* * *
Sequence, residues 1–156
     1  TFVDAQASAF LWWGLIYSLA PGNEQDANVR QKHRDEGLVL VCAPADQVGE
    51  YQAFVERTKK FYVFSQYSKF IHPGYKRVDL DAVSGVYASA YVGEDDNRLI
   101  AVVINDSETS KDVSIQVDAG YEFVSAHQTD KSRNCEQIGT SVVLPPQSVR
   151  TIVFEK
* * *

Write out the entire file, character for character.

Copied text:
Sequence, residues 1–156
     1  TFVDAQASAF LWWGLIYSLA PGNEQDANVR QKHRDEGLVL VCAPADQVGE
    51  YQAFVERTKK FYVFSQYSKF IHPGYKRVDL DAVSGVYASA YVGEDDNRLI
   101  AVVINDSETS KDVSIQVDAG YEFVSAHQTD KSRNCEQIGT SVVLPPQSVR
   151  TIVFEK